6. San Francisco-Baltimore was December football in its prime. A slug fest in rainy Baltimore, each struggled to establish a passing game. The playoffs will test these two run heavy, defensive minded teams. No one would dispute they’ve been the two best teams over the last month. Can they carry that momentum into January and beat more established quarterbacks in the playoffs? With 2 minutes left and 85 yards needed to advance, will either of these QBs be up to the task?

Just get a Lamar Jackson. Easy way to control that Niner D-Line

7. All those who had Ryan Tannehill leading the Titans to a playoff berth, please rise and get out; you’re a liar. The Tennessee QB was precise on Sunday, completing 17-22 passes for 2 touchdowns in the Titans’ dismantling of the fading Colts. The Titans are always stout on defense and possess a capable running game; the quarterback has prevented them from advancing in the playoffs. Could Tannehill change that? Don’t laugh, he leads the league in passer rating and is completing 73% of his throws. The remaining schedule is tough, facing games in Oakland, home versus New Orleans, and two against Houston. If they can get into the playoffs, however, watch out. Who matches up better against Baltimore?

If Tannehill keeps dropping it in the bucket like this……..

8. The Bills’ defense flexed on the Cowboys Thanksgiving Day, announcing themselves to a national audience as AFC contenders. Consistent all year, they’ve ranked just behind the 49ers and Patriots but added a pass rush. They’ve averaged 5 sacks over their last 3 contests (teamrankings.com), turning a previous weakness into a strength. Ed Oliver, Shaq Lawson, and Jordan Phillips have 9 sacks in those games and dominated Dallas’ vaunted O-line in particular. Weak offensive lines in New England and Kansas City might have a problem on their hands against Buffalo, but Josh Allen still isn’t trustworthy enough to predict any upsets from the Bills.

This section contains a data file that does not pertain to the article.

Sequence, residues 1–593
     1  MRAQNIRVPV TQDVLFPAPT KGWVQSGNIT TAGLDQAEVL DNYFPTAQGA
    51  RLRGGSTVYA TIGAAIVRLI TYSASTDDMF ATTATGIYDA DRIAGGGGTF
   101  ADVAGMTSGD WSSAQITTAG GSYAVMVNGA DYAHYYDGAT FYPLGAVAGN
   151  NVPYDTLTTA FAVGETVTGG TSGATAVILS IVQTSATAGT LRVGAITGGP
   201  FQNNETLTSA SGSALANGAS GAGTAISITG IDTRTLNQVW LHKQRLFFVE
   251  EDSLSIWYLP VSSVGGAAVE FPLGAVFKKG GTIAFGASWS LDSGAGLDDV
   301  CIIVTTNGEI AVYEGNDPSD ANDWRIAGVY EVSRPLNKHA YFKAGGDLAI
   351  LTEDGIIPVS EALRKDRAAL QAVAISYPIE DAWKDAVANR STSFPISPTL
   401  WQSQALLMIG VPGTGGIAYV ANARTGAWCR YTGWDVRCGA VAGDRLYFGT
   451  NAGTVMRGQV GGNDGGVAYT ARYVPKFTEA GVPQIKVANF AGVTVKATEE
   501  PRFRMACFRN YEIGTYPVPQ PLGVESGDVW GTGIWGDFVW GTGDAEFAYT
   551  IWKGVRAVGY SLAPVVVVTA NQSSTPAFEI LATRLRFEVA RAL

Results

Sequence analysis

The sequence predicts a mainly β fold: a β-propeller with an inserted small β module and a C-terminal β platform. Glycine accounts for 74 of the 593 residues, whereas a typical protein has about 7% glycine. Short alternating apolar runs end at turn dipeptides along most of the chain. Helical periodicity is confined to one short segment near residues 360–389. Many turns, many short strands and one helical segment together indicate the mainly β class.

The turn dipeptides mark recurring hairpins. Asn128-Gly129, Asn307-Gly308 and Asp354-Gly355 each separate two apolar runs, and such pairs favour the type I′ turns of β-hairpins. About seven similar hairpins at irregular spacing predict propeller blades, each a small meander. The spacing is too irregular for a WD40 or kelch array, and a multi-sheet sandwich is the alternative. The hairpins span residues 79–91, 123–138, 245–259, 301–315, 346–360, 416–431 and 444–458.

9. While Baltimore and New England gather all the press clippings, Kansas City lies in the weeds. The forgotten contender, Patrick Mahomes’ injury removed them from our thinking. An easy 40 against Oakland on Sunday should have gotten you reacquainted. When healthy, Mahomes is the best quarterback in the league with the most dangerous weapons. While their defense is suspect, the offense can score at will from anywhere on the field and rarely turns the ball over. New England visits K.C. on Sunday, a colossal test for each team. If the Chiefs can hang 30 on that defense, I suspect the radio silence on the Chiefs will end.

10. San Francisco-New Orleans
Los Angeles Rams-Seattle

The Saints have something to prove Sunday against the 49ers. They’ve struggled in recent weeks against division opponents Carolina and Atlanta. What’s wrong with Alvin Kamara? With only 587 yards rushing and 444 receiving on the season, Drew Brees’ most dangerous weapon seems to fade in and out of games. While Michael Thomas has been otherworldly, New Orleans will need Kamara to slow down the 49er pass rush to have any chance against San Fran.

If the Rams plan on showing up for the 2019 season, now would be the time. A loss here would all but end their playoff hopes. The struggling offense found some footing against the Cardinals; Jared Goff threw for 424 and Todd Gurley ran for 95, but they’re too sporadic to trust. Seattle and Russell Wilson win and put up bags of points in the process. Can the Rams score the 30 necessary to keep up with the Seahawks? Wilson wins games at the end, he’ll do so again Sunday night and put a head scratching L.A. season to bed.